So, there’s my Beranbaum rant.


SamChevre 05.10.06 at 8:21 am

My favorite bread cookbook is The Laurel’s Kitchen Bread Book. Excellent instructions, descriptions of how different ingredients affect the basic bread, plenty of recipes ranging from simple to complex. All the recipes are for whole grain flour, and I prefer whole-grain bread most of the time. It’s a very hippy-ish book, but it’s the best I know of for bread-making.


Cranky Observer 05.10.06 at 10:24 am

> What exercises me about Beranbaum is that she
> attempts to distill into prose the innumerable
> little skill-twists that professional bakers
> apply to their craft. Which is not possible.

That is what metalworkers and later machinests said from 10,000 BC until 1980. Turned out to be incorrect, and that there was a large element of guild/job preservation involved in that myth.

> She never talks about doneness temperatures.

Are we reading the same book? She gives doneness temperatures for each type of bread, and states that she abandoned the “tap on it” method early on in her bread investigation in favor of a Thermapen.

> You don’t need to measure out your
> ingredients to the gram – that’s
> especially nuts. Weight measure is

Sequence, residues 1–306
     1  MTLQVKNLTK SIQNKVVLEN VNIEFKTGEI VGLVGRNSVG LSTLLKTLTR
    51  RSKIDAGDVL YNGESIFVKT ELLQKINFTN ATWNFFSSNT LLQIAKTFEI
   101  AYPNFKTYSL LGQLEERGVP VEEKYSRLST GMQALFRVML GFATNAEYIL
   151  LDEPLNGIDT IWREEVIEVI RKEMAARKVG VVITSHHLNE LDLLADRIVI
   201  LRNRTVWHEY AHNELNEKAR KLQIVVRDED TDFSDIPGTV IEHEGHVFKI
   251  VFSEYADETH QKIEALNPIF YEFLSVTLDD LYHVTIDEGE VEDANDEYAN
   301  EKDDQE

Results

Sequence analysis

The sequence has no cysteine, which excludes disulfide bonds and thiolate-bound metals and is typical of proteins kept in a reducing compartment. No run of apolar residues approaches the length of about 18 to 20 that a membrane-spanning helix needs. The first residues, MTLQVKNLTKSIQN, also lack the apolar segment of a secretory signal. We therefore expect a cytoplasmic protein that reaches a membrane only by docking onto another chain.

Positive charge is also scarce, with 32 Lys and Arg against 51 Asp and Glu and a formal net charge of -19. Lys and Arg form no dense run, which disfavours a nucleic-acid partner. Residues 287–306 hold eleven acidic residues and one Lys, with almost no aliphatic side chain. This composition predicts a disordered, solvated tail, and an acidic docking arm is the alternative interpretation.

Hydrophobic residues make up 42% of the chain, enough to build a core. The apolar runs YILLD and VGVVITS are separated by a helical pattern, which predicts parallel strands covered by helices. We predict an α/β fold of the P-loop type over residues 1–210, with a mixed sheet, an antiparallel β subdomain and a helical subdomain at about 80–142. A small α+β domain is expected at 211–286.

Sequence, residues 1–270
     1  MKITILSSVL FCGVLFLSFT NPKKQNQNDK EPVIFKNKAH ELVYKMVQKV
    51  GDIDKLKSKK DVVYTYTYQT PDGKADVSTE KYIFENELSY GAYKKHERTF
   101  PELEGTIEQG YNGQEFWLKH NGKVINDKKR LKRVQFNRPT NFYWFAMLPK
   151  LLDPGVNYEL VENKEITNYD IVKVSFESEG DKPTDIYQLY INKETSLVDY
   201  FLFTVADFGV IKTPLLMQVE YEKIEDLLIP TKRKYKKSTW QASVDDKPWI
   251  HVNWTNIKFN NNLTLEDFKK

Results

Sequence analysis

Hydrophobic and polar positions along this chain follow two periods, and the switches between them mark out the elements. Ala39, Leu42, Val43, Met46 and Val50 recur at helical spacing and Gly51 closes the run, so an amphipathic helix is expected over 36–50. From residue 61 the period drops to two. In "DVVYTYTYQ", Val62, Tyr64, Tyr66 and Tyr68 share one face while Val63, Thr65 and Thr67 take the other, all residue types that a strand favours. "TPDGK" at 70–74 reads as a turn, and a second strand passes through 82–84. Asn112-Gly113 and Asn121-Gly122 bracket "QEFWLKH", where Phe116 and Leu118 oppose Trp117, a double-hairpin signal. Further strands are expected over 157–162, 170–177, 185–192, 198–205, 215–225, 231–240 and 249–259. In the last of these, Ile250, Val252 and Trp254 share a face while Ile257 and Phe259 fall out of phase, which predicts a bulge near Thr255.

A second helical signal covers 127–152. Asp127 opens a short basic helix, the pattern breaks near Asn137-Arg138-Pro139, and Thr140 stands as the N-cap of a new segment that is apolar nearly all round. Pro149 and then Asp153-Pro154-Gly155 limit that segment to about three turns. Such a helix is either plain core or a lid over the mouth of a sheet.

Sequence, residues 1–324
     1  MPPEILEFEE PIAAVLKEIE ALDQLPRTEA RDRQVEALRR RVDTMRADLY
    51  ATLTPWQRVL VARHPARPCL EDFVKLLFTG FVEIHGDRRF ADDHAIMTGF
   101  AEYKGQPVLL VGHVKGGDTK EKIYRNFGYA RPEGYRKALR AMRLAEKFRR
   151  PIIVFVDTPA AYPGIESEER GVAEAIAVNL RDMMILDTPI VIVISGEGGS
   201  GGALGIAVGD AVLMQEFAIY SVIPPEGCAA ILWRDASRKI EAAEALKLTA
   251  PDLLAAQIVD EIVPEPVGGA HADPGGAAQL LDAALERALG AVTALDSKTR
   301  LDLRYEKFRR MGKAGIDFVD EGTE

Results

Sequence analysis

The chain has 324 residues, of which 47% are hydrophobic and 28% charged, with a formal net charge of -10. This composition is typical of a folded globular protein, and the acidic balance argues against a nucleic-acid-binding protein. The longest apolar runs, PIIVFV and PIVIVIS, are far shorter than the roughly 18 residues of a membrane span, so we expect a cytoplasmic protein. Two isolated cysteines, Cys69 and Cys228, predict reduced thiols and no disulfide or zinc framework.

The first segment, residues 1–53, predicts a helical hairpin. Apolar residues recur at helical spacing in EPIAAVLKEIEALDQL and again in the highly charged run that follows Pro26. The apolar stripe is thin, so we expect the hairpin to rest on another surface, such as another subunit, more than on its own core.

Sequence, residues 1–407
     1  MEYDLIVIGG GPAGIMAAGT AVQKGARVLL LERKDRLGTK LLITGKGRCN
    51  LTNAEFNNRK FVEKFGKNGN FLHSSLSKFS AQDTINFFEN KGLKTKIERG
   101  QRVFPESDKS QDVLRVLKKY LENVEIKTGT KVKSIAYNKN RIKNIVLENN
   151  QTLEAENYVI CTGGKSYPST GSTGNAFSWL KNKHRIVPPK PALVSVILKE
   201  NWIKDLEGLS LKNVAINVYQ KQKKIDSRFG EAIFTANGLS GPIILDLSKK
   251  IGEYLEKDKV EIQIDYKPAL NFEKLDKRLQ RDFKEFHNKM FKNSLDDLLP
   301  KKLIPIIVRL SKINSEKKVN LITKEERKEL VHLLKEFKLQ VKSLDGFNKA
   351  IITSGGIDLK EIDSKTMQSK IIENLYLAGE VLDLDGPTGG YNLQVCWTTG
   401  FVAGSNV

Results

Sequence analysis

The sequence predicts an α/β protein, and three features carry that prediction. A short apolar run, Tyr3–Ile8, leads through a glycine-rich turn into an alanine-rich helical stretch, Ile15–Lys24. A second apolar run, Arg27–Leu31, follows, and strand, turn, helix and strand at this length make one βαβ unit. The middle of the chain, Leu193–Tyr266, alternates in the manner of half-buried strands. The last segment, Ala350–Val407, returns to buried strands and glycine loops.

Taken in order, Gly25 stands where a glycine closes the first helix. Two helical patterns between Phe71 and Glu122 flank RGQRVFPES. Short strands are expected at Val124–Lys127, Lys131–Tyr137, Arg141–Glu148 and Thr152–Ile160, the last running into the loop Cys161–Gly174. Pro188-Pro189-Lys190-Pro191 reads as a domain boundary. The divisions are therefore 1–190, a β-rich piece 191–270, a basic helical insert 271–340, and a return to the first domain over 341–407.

> important, but gram accuracy?

Beirnbaum’s goal is to allow the home baker to get the same results a professional would consistently and with a high rate of success. If you disagree with that approach that is fine; I can understand why. And as she herself states it conflicts with the artisan bread concept somewhat. Then again, most things in life conflict somewhat ;-). Personally, I was able to use Rose’s recipies to get started, produce bread that was not only good but edible, and build understanding. I have now started modifying and creating recipies based on that understanding. Then again, I spent 5 years as a test and measurement engineer.

I agree about the equipment – all you really need is a stone. Everything else you either have or can make do. The toys are fun though.

I am going to try the Reinhart series next (I already have Laurel’s Kitchen Bread Book and it is good). I have been reading Bread Baker’s Apprentice at the bookstore and would like to try his approach. Then maybe La Brea and Tajassahara.